When is a cookie not a cookie?When that cookie’s fate rests upon it not being a dessert, but a snack.
For the past few years, it’s been my honor to help judge a few of the food competitions at the State Fair. One of the juries I sat on was for pecans. It was also the very first outing for The Kid. Our child studied for four years at culinary school, so has the chops and desire to be a fellow food judge.
The North Carolina Pecan Association were the sponsors of the contest. The parameters were pretty wide open—except, no desserts. For a few reasons.
Most pecans are purchased in early October through late March and are used for holiday baking. Bakers and confectioners are actually the largest buyers of shelled pecans. Pecan trees are also AB; or alternate bearing. This means if you have a bumper crop one year, the next year will literally be slim pickings.
Because of this, growers are keen to expand the list of non-dessert use of the nut. Consistent, stable use throughout the year is a good thing, and a familiar goal for pecan farmers.
Another bit of pecan intel? They are the only native American nut and were only domesticated in the 1880’s.
So, back to the contest.
The field was wide open, except for the forbidden desserts. Which made it kinda worrisome when one entry turned out to be a cookie. But if it really was a cookie, and thus a dessert, it wouldn’t be able to compete.
All of this led me back to the original question, “When is a cookie not a cookie?”.I argued as valiantly as Perry Mason in a death penalty case. But it became moot when enough foods were sampled that were ranked higher by the judges. and were not desserts.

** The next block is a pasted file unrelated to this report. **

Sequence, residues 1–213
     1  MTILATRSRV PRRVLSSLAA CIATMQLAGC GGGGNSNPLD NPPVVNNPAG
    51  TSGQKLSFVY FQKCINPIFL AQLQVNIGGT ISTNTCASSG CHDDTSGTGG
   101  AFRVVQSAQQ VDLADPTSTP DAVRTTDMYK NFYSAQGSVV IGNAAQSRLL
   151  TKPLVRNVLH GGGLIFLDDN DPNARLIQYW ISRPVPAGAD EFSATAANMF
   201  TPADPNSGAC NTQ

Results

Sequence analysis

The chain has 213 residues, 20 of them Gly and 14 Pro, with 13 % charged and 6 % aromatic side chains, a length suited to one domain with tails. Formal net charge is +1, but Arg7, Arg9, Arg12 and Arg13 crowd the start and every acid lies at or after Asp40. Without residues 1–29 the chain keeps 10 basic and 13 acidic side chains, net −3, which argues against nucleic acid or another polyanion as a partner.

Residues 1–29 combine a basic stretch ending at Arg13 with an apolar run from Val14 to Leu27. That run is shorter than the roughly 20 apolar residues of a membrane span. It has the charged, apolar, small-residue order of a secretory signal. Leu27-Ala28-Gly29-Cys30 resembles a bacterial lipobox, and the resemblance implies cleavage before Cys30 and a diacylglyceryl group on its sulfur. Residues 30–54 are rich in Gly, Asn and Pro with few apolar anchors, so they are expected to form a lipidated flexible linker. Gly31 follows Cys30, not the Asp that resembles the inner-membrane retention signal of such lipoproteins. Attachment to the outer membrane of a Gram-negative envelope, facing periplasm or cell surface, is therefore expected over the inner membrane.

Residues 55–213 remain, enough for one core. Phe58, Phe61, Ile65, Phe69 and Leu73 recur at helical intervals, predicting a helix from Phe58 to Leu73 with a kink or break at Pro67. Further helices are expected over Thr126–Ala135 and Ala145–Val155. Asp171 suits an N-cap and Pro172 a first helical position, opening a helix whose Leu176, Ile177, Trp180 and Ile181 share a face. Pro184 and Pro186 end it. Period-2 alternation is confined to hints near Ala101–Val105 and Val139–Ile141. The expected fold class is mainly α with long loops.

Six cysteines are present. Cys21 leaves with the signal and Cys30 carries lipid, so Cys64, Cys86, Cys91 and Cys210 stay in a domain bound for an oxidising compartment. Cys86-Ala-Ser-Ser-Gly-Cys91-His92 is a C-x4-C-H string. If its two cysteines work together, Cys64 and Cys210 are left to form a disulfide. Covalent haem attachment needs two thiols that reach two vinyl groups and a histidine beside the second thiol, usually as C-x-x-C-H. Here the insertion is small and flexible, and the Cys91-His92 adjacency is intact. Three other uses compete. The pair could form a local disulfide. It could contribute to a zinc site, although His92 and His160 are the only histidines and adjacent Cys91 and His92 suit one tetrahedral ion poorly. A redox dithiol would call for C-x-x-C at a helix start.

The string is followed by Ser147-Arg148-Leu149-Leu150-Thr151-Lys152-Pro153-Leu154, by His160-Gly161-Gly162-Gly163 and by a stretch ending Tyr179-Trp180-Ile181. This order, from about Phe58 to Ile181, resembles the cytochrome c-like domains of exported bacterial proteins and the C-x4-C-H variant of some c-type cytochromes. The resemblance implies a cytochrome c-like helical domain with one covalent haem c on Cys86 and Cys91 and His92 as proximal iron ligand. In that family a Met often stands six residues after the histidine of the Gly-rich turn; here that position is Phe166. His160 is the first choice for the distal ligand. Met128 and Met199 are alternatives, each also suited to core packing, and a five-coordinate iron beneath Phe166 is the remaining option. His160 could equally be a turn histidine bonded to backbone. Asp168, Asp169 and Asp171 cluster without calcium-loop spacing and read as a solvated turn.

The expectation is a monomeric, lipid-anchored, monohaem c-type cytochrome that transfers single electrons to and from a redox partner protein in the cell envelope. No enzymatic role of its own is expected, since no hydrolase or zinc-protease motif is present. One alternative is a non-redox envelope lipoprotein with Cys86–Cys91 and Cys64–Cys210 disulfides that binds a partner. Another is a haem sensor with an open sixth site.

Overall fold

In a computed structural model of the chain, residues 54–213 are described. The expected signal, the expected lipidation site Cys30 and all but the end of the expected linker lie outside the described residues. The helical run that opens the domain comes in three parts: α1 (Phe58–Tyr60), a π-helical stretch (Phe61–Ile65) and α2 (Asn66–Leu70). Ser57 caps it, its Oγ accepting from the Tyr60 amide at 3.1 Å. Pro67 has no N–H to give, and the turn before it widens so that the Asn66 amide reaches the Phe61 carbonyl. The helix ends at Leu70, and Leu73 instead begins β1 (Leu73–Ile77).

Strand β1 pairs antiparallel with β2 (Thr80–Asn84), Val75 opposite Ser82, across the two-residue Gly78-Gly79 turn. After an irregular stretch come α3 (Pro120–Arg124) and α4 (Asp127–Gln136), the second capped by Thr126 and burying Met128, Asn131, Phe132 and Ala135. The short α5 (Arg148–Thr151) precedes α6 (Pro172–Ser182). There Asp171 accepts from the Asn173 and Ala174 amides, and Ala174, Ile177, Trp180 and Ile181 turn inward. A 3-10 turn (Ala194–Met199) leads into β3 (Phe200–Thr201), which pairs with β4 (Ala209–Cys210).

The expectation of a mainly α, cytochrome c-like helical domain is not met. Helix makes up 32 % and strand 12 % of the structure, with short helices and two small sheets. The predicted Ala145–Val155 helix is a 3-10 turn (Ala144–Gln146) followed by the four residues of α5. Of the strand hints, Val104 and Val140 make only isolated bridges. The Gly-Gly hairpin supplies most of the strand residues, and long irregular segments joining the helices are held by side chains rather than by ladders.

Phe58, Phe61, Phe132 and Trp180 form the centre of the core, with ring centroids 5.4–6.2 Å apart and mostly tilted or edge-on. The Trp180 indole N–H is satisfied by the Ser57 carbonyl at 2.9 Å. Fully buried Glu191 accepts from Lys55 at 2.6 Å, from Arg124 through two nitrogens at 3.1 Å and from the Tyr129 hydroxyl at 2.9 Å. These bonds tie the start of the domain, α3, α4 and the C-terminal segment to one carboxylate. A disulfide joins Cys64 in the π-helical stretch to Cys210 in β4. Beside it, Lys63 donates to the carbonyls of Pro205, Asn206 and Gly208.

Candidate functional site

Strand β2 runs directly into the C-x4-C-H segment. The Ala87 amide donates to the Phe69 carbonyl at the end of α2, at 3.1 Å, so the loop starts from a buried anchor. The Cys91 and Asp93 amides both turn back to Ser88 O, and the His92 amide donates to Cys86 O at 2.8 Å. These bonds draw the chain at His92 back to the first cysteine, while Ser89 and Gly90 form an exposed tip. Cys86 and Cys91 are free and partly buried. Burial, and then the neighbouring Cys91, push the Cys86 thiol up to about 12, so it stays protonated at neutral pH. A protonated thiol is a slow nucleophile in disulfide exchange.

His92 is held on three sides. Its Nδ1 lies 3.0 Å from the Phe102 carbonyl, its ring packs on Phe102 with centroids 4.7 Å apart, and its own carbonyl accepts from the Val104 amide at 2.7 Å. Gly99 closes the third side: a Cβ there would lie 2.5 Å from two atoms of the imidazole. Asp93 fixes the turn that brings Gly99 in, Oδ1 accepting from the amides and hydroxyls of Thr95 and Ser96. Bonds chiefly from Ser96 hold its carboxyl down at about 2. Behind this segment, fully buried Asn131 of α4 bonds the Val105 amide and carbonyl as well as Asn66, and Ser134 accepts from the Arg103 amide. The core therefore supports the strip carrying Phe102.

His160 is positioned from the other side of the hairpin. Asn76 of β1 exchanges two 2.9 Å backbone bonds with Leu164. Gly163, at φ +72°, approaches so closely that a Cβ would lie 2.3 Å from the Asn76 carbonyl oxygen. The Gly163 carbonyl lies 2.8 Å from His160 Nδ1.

But not all the judges; they were my favorite bite of the day.
NC Pecan Cookies1 cup butter, softened
½ cup brown sugar
2 cups all-purpose flour
½ teaspoon salt
1 cup pecans
½ teaspoon vanilla extract
½ cup powdered sugar (for decoration)
In a large bowl, cream together butter, sugar, salt, egg, and vanilla.
Add in flour and mix well. Cover and refrigerate at least two hours.
Preheat oven to 375. Using a mini ice cream scoop, scoop the dough and place them 2 inches apart on cookie sheet. Flatten the dough with the bottom of a glass. Then press a pecan into the top of the dough.
Bake for 10-15 minutes or until golden brown. Dust the tops with powdered sugar.
Enjoy!I have a couple of thoughts about the recipe and directions.
Even after placing a pecan on the top of each cookie, you’ll be left with a lot of pecans. I would keep a couple dozen whole with which to top them, then chop the rest into chips. I‘d toast the chips in a frying pan on medium until they’re mid brown and fragrant. When adding the flour, I would also add the cooled, toasted nuts.One of the things I liked best about the cookie was the crispy/chewy texture. And, they were flat-out delicious.
Ag commission employee, television host, and specialty food competition organizer Lisa Prince works crazy hard and is one of the nicest people I know. Today, during the final contest of the fair, Agricultural Commissioner Steve Troxler came in and presented her with the superintendent of the year award.She deserves it; and I hope it came with a big, fat check.
Thanks for your time.